On the other hand, we have the champion who is recently coming off taking the title from Brock Lesnar via TKO in his last bout. Even though Lesnar isn’t by any means a striking expert, that fight proved that the champion is not afraid to use his fists to get the job done. Another tidbit with that fight is that even though Lesnar was able to get Velasquez to the ground, the AKA fighter was able to get off of his back against the elite wrestler and get the fight standing. This is a crucial bit of information because if dos Santos is able to gain top position, I have no doubt that the champion will be able to return the fight to standing. Because of this, I have to agree with Gregory and go with Velasquez in this fight due to the fact that he will control where the contest will take place. I have to take the champion by TKO in the second round.

Corey Adams: If I had to tally how many fights I have been overly hyped up for, I would lose count, but knowing that Velasquez and dos Santos are about to go toe-to-toe, it’s got to be one of the most anticipated fights in UFC history, in my eyes.

Dos Santos (R) battles Roy Nelson (Rob Tatum/The MMA Corner)

Without going deep into the background of each fighter, I’m going to throw out some numbers that I believe will impact this heavyweight bout, while also making a case for who I believe will walk out of the Octagon with the belt. My notable stat is this: Velasquez has only been past the second round once in his career, in a decision win over Cheick Kongo. On the other hand, dos Santos has gone to the judges’ scorecards in his last two fights. So when it comes down to who has the best finishing ability, the nod goes to the champion.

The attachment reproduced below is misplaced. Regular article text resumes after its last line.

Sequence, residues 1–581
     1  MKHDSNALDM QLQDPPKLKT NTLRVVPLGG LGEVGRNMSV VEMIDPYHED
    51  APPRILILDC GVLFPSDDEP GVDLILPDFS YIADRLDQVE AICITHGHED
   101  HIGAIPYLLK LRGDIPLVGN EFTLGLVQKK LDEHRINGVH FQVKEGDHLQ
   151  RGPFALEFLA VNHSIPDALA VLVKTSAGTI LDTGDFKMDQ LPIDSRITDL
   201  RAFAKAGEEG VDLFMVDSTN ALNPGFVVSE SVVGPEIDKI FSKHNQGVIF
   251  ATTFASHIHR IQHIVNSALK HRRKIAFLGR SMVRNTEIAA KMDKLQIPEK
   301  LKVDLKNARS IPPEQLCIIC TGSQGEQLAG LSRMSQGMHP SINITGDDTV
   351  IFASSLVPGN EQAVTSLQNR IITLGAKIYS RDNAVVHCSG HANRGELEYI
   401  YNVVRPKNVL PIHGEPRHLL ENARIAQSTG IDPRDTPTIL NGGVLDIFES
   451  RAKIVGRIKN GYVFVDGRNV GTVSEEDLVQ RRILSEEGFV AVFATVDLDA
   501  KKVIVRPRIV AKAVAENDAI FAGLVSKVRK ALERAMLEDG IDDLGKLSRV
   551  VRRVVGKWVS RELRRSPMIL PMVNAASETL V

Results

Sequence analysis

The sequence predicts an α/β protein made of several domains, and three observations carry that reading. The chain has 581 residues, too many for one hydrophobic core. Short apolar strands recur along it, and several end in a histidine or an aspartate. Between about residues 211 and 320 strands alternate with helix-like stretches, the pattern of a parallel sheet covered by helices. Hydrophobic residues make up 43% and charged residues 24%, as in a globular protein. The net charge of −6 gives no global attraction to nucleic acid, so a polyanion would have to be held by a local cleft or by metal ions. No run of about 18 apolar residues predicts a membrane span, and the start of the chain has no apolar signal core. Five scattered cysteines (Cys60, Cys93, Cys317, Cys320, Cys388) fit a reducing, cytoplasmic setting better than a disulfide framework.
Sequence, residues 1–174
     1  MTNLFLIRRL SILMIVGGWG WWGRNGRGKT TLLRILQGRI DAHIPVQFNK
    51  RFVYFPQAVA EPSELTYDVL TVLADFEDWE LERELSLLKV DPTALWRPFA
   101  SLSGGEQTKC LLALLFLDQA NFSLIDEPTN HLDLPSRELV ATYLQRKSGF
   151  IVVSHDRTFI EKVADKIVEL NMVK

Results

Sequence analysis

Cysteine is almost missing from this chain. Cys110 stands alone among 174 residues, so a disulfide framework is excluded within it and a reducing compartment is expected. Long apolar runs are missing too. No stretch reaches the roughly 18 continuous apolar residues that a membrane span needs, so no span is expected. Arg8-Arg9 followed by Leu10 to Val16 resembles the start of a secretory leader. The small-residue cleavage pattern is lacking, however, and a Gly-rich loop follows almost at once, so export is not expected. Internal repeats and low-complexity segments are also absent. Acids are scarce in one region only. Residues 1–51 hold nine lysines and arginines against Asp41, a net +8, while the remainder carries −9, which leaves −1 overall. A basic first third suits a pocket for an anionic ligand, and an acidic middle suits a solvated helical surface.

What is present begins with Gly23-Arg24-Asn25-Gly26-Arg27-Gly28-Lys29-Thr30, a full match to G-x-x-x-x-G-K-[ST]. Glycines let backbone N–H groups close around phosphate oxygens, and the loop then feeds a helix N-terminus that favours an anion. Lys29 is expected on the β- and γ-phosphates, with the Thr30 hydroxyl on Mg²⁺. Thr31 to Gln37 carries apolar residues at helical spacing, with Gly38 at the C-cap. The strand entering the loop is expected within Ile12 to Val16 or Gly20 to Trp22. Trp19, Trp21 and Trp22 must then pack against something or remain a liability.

There are many ways where you could predict dos Santos winning this fight, but when it comes down to it, Velasquez is the champion for a reason and will prove to the millions worldwide why he is considered the number one heavyweight in the world. While the majority of Velasquez’s fights have ended in the first round, I think dos Santos will be able to survive the opening stanza, but will lose via TKO in the second round.

Richard Wilcoxon: I also like to use numbers to make my case. As Brian pointed out, both fighters have gone 7-0 in the UFC. This gives us a perfect comparison. Corey indicated that Velasquez has only been to one decision, however dos Santos has only been to two. I really don’t see this as a big enough difference to indicate one is a better finisher than the other, especially when you consider the competition each has faced. Dos Santos has faced more veterans in his run in the UFC than Velasquez. The record of dos Santos’ opponents going in to the fight with him is 128-33 while the record of Velasquez’s opponents is 99-22.

Another interesting number is that the opponents dos Santos has squared off with in the UFC have considerably more knockouts than those Velasquez has faced. Dos Santos’ UFC opponents have 81 career knockouts while Velasquez’s opponents have just 44. While this doesn’t prove dos Santos has a better chin, it does indicate that he has faced better strikers and has defended well against them.

Velasquez (Rob Tatum/The MMA Corner)

There is no doubt this will be a great fight and the UFC is banking on it by making it the lone televised fight for this historic card. However, I am leaning the opposite way from my colleagues. Numbers can only take you so far while predicting a fight. There are also intangibles. Velasquez is coming off a serious shoulder injury and has not competed in over a year. The threat of ring rust and cardio issues added to dos Santos’ skill makes me have to disagree with my fellow panelists and go with dos Santos to take Velasquez past his comfort zone before finishing it in the fourth round.

Joe Atkins: This fight couldn’t be happening at a better time. Both fighters are in their prime and riding win streaks. A lot of MMA pundits have pegged the fight as this generation’s Fedor Emelianenko vs. Mirko Cro Cop, and I’d be inclined to agree.